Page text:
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Five Skin Care Don’ts for Psoriasis Sufferers

Content provided by: Better Medicine from Healthgrades

If you are one of the millions of Americans with psoriasis, you know that skin redness and irritation can flare up at any time. You may not be able to prevent some psoriasis triggers, like stress and colds, but there’s a lot you can do to avoid others, including dryness and injury to the skin.

Managing your psoriasis means working closely with your doctor, taking your medications as directed, and keeping all your medical appointments. And then there are things you don’t want to do, to avoid making your skin condition worse.

Here are five skin care don’ts to help keep your psoriasis under control.

1. Don’t Leave Skin Open to Injury

When you have psoriasis, even a minor skin injury can lead to a psoriasis plaque forming at the site of the injury. This reaction is called the Koebner phenomenon. More than 100 years ago, Dr. Heinrich Koebner, a German dermatologist, discovered that any injury that extends below the skin surface can cause a plaque.

Common skin injuries that can lead to the Koebner phenomenon include insect bites, skin scrapes, poison ivy, and burns. These skin plaque reactions occur in as many as 50 percent of people with psoriasis, and they can take anywhere from a few days to a few weeks to develop.

Always remember to protect exposed areas of your skin, especially in the summer—when you’re more likely to get insect bites and poison ivy. Don’t pick or scratch bug bites. If you notice any break in the skin, get first aid right away.

2. Don’t Cleanse Vigorously

Many doctors recommend a daily bath or shower for people with psoriasis to keep skin clean and infection-free. How you cleanse your skin is important.

Don’t use hot water when you bathe or shower. Hot water can burn your skin and make it dry, so use warm water instead. Keep your bath or shower short, and cleanse with a moisturizing, fragrance-free soap. After your bath or shower, gently pat your skin dry with a towel and apply a moisturizer.

You can also help your skin by adding a soothing skin care product to your bathwater. Ask your doctor to recommend a bath oil or bath salts that can help gently remove psoriasis scales and relieve itching. Epsom salts and oilated oatmeal are two examples.

3. Don’t Ignore Dry Skin

Dry skin can lead to itching and scratching, both of which can make your psoriasis worse. That’s why you want to slather on a rich moisturizer right after bathing and keep skin nourished until your next bath or shower. Ask your doctor to recommend a good cream or ointment that locks water into your skin. Be cautious about any over-the-counter moisturizers that claim to have “natural” ingredients.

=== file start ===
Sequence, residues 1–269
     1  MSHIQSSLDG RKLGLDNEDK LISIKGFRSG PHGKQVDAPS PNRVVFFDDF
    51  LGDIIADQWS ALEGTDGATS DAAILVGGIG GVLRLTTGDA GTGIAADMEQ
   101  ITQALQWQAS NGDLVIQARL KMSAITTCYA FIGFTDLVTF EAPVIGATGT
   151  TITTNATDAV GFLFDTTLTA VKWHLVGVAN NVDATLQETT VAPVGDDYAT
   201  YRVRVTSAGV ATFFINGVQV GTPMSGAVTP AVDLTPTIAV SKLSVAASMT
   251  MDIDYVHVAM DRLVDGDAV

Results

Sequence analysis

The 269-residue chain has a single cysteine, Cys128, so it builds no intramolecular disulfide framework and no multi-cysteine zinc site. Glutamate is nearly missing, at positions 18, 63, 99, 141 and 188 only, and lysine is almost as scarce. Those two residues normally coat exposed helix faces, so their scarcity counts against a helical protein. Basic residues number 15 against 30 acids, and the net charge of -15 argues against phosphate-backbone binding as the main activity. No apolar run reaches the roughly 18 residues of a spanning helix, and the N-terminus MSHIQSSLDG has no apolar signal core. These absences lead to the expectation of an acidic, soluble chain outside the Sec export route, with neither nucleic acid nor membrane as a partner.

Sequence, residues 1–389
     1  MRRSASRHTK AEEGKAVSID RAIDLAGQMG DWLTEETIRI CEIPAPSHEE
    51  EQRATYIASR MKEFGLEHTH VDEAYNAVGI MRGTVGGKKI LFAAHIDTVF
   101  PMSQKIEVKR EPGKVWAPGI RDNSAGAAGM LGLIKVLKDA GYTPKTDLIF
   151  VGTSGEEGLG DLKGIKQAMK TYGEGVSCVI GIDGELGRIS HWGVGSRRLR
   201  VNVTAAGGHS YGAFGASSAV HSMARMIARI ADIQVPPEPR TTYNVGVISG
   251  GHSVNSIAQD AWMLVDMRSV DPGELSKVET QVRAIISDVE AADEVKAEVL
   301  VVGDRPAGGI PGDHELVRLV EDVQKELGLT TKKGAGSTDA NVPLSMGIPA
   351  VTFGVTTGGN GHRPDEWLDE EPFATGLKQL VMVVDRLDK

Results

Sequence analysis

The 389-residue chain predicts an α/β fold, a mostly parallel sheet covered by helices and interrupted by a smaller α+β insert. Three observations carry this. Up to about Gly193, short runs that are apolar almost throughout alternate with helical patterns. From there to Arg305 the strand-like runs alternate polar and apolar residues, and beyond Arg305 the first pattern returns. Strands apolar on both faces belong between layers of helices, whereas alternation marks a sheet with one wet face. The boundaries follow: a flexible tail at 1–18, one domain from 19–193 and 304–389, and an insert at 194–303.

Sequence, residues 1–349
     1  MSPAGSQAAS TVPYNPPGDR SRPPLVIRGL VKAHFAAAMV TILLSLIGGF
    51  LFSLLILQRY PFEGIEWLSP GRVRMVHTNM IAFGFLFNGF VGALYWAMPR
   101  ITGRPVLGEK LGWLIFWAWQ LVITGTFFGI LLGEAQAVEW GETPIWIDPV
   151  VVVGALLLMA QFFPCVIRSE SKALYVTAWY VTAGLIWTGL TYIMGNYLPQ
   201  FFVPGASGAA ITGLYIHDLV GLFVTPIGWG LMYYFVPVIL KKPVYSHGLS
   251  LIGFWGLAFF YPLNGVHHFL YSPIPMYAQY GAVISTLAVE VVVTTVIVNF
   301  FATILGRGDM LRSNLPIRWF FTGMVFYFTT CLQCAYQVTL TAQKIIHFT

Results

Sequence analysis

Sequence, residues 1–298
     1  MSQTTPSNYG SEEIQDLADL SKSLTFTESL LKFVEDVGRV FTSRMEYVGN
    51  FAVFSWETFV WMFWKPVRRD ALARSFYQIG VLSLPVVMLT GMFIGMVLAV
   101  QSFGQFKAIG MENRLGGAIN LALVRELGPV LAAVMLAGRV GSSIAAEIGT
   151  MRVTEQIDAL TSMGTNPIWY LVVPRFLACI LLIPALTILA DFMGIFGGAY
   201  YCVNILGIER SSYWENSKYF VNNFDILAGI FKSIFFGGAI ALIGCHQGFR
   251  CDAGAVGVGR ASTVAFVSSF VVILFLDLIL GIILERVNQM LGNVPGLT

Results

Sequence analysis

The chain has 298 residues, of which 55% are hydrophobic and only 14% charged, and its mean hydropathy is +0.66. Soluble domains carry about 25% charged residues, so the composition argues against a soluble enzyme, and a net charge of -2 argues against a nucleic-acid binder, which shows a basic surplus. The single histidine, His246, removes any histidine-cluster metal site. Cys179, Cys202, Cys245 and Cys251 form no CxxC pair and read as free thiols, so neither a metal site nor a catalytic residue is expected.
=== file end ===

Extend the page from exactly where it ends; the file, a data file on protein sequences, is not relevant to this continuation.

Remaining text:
If your psoriasis is acting up, you can try a super-moisturizing strategy called occlusion. To increase the effect of a moisturizing cream, place plastic wrap over the area you just moisturized or cover it with a waterproof dressing. Try this intensive moisturizing at night before bed and leave it in place overnight, but check with your doctor first if you are using a new cream or ointment, or one that contains steroid medication.

4. Don’t Get Sunburned

You probably know that sunlight is good for psoriasis. Sun exposure slows down your immune system and helps your skin make more vitamin D, which may also help psoriasis. But too much sunlight can lead to sunburn, and that can make psoriasis worse. Ask your doctor how much sun is safe for you and when you should apply a sunblock.

5. Don’t Scratch Skin Plaques

As tempting as it may be when your itching escalates, resist attacking your plaques with your nails. Vigorous scratching can lead to more lesions and the Koebner phenomenon mentioned earlier. Good skin care with the richest skin creams should ease the itch of dry skin. Try to cool a persistent itch by keeping your home and office thermostats at a comfortable temperature and by wearing light, breathable fabrics—stay away from itchy wool and any other fibers that bother you. If the itch becomes unbearable, try giving it the deep chill by applying an ice pack.

Reference: Skin, Hair and Nails section on Better Medicine

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About 30% of psoriasis sufferers experience joint inflammation that produces symptoms of arthritis. This condition is called psoriatic arthritis.